What an amazing, spectacular job! Would you believe Quinn made it all on an iPhone? My favorite moment: Mr. Popper picks up the telephone, calls the aquarium, and without him even mentioning penguins, Mr. Popper blurts in apparent response, “Why yes, I would like a penguin!” (Is that all it takes? Just call up the zoo and they just plead, “Take some penguins! Please!!”?) The penguins are super-cute, especially the baby penguins, and the whole thing is funny and refreshing. Awesome job, Quinn!

In Quinn’s words, after he saw his cousin’s video, he was inspired to top it: “I am very competitive and would not have left this opportunity to compete untouched so I set out to make my own.” It’s fair to say that Quinn and his cousin have both made top-notch entries for the 90-Second Newbery! (Not clear on what this film festival is all about? Here are details. The first screening is in just a few weeks, on December 2, 2012 in New York City!)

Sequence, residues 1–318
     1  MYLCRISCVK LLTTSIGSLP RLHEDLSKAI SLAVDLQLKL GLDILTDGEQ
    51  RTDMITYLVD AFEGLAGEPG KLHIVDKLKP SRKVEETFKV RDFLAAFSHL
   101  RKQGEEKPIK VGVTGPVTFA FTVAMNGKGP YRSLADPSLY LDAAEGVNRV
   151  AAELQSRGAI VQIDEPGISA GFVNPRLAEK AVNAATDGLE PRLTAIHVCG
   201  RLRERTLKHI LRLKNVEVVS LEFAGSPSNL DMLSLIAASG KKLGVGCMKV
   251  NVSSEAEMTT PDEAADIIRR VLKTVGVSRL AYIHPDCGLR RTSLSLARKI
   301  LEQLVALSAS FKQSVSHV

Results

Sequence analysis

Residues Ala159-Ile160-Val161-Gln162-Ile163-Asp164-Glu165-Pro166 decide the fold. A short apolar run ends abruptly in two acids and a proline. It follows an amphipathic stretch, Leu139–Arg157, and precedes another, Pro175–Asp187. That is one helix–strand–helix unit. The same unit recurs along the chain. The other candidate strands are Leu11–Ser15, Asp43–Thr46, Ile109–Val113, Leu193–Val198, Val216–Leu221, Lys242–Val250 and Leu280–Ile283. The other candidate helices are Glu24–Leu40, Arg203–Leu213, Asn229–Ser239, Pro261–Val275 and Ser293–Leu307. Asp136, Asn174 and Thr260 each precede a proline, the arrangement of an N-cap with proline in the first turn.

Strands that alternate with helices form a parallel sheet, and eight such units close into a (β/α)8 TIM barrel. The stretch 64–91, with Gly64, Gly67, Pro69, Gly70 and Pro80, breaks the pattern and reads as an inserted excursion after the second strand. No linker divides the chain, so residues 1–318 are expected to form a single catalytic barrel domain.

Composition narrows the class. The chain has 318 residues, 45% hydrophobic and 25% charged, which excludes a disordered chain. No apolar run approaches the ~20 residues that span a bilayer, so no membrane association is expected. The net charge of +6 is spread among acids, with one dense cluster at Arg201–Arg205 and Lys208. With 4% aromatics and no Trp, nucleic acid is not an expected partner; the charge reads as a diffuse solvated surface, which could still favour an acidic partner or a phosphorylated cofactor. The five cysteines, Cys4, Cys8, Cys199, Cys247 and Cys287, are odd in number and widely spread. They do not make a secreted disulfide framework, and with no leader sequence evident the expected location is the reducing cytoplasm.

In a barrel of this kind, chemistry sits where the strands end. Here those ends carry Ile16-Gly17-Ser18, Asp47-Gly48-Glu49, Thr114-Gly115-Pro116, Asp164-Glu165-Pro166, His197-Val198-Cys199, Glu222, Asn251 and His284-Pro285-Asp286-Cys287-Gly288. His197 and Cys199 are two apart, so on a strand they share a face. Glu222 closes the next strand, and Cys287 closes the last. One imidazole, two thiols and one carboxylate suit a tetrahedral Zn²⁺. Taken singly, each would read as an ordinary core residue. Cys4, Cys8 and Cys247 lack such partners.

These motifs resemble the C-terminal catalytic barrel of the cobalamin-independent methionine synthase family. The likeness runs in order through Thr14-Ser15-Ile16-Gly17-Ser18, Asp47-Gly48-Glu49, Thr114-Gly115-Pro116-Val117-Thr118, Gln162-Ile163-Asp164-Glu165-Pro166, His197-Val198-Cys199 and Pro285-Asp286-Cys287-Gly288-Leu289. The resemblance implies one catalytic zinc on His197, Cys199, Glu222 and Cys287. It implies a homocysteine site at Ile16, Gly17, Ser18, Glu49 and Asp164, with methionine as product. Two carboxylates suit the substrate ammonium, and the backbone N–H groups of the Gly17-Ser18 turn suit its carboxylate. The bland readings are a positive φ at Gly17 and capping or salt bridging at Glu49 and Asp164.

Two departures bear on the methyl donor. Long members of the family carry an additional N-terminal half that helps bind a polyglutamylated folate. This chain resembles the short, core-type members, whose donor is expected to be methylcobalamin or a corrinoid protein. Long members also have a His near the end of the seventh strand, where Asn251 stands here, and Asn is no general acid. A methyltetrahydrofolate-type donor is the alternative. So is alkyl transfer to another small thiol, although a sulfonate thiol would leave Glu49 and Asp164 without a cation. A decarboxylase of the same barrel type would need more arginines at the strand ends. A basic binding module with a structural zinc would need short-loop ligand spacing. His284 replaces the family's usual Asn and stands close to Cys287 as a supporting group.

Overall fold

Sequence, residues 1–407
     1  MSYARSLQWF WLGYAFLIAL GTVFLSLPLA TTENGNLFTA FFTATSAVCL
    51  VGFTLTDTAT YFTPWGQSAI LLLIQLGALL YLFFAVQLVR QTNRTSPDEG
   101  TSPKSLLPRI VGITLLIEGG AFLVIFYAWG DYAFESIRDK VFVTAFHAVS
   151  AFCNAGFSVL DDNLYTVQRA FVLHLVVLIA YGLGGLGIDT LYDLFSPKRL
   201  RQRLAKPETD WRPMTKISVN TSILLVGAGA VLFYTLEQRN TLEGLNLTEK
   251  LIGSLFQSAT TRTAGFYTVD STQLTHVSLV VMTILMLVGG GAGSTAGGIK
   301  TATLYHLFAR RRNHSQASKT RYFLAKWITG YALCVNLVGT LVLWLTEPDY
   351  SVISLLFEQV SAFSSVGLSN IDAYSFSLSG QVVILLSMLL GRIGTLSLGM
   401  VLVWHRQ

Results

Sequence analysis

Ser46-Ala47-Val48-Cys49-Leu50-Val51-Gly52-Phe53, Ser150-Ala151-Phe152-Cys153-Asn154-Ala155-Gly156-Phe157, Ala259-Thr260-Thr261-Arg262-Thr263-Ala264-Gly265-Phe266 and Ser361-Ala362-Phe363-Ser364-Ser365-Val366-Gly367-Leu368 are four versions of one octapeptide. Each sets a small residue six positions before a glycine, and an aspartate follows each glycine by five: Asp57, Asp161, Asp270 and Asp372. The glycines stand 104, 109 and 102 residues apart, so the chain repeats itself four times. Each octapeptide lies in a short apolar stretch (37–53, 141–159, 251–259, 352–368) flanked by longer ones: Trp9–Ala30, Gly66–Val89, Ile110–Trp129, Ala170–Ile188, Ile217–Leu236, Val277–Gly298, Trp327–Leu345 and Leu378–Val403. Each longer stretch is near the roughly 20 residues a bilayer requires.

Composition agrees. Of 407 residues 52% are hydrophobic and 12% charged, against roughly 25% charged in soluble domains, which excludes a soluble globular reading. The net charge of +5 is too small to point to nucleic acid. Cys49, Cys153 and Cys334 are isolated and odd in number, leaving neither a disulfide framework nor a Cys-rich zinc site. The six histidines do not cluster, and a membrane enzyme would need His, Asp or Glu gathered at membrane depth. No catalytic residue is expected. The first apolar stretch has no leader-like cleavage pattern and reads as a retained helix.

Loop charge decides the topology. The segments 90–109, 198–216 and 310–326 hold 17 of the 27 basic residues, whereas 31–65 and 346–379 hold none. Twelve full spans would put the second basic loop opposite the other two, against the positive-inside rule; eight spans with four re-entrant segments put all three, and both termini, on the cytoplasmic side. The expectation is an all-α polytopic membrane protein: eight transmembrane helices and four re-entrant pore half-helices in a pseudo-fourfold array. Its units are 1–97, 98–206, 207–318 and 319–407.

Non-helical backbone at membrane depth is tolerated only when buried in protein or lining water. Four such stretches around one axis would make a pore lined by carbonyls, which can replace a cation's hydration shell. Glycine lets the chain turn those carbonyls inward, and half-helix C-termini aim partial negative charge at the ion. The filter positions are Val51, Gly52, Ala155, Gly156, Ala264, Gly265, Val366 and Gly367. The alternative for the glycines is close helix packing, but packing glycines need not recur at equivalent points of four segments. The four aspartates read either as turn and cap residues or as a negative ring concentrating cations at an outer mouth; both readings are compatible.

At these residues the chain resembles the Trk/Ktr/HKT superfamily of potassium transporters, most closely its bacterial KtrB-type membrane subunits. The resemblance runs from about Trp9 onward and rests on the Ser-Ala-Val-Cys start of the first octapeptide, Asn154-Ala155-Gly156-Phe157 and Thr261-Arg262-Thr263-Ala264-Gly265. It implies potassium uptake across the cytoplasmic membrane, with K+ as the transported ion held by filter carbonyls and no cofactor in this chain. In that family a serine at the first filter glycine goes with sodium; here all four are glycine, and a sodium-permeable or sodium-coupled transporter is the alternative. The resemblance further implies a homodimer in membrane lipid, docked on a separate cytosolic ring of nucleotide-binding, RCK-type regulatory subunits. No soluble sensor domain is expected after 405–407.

Just in case you want a side-by-side comparison, here again is the work of Quinn’s cousin, last year’s Claymation Island of the Blue Dolphins:

Both winners in my book! Thank you!

90-Second Newbery: Sheboygan-Bound!

October 11, 2012

This weekend I’ll be appearing at the 3rd Annual Sheboygan Children’s Book Festival in Sheboygan, Wisconsin. Part of what I’m doing is hosting a 90-Second Newbery Film Festival mini-screening at the John Michael Kohler Arts Center in Sheboygan from 6-7 pm. I always luck out with co-hosts for the 90-Second Newbery, and this time it’s no exception: the great children’s book illustrator Dan Yaccarino! (We have several of his books on our shelves at home.)